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Baucus Continues Fight for Montana Beef

Press Release

Location: Washington, DC

Montana's senior U.S. Senator Max Baucus is encouraged by news that Japan is making progress in easing import restrictions that hurt market access for American beef. Today, a Japanese government advisory panel on food safety agreed on recommendations about easing restrictions to allow imports of beef from cattle as old as 30 months, which is up from the current 20 month age limit.

"Today's news is a sign of good progress for Montana beef - but it's not the end of the fight." Baucus said. "Japan's restrictions on American beef are just plain unfair, and I will continue to push Japan to open its markets so good ranching jobs at home in Montana aren't at risk."

As Chairman of the Senate Finance Committee with sole jurisdiction over international trade, Baucus has worked consistently to ensure that Montana beef exports have robust opportunities in foreign markets. Last month, Baucus traveled to Japan to meet with Prime Minister Yoshihiko Noda and top minsters in his cabinet to press Japan to ease unfair restrictions. Read more HERE.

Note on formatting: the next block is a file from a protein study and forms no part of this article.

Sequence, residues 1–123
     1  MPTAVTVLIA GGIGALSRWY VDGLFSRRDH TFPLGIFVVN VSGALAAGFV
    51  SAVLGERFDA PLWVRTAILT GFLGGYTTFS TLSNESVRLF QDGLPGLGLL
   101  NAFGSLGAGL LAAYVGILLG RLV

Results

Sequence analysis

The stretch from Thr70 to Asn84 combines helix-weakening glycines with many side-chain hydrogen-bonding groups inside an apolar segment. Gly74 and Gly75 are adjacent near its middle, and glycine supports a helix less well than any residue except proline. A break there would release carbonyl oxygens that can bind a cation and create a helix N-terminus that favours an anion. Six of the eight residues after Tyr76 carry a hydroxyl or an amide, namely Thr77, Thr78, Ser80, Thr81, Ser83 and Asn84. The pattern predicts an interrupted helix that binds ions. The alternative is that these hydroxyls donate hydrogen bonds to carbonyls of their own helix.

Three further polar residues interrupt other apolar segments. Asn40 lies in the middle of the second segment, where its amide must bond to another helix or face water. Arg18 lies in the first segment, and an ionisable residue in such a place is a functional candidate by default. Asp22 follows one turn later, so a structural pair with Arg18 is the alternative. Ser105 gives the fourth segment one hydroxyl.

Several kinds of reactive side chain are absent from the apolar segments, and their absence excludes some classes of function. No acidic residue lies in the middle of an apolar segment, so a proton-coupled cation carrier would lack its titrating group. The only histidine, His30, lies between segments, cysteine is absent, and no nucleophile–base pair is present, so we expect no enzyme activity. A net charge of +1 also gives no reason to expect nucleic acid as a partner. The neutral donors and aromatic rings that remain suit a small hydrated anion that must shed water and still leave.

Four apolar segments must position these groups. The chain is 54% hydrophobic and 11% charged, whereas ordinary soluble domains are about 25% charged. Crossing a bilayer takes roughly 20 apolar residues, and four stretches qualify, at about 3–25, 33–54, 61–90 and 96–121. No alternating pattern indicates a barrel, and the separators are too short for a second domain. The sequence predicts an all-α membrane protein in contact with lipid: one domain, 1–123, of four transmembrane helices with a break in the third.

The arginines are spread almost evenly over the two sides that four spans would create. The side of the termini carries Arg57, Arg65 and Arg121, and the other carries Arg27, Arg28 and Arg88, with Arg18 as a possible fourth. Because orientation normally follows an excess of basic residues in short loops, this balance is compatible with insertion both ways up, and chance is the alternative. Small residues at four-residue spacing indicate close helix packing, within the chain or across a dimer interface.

Japan currently only accepts American beef from cattle under 21 months of age, despite scientific findings by the U.S. Department of Agriculture and the World Organization for Animal Health (OIE) that all American beef from cattle at any age is safe. Japan instituted the ban on beef from cattle above 21 months in 2003, causing beef exports to Japan to fall from $1.4 billion in 2003 to $469 million in 2009. Since 2009, beef exports have rebounded, reaching $874 million in 2011. American beef exports to Japan would be significantly higher if Japan were to remove its unscientific restrictions on U.S. beef.

In 2011, Japan was the third largest market for U.S. beef. Overall, Japan is the fourth-largest market for U.S. agricultural exports, valued at $11.8 billion in 2010. And Japan remains the largest purchaser of Montana wheat, accounting for over 50 percent of Montana's 116 million exported bushels in 2011. Still, Japan's average agricultural import tariff of 15.7 percent is among the world's highest for industrialized countries.

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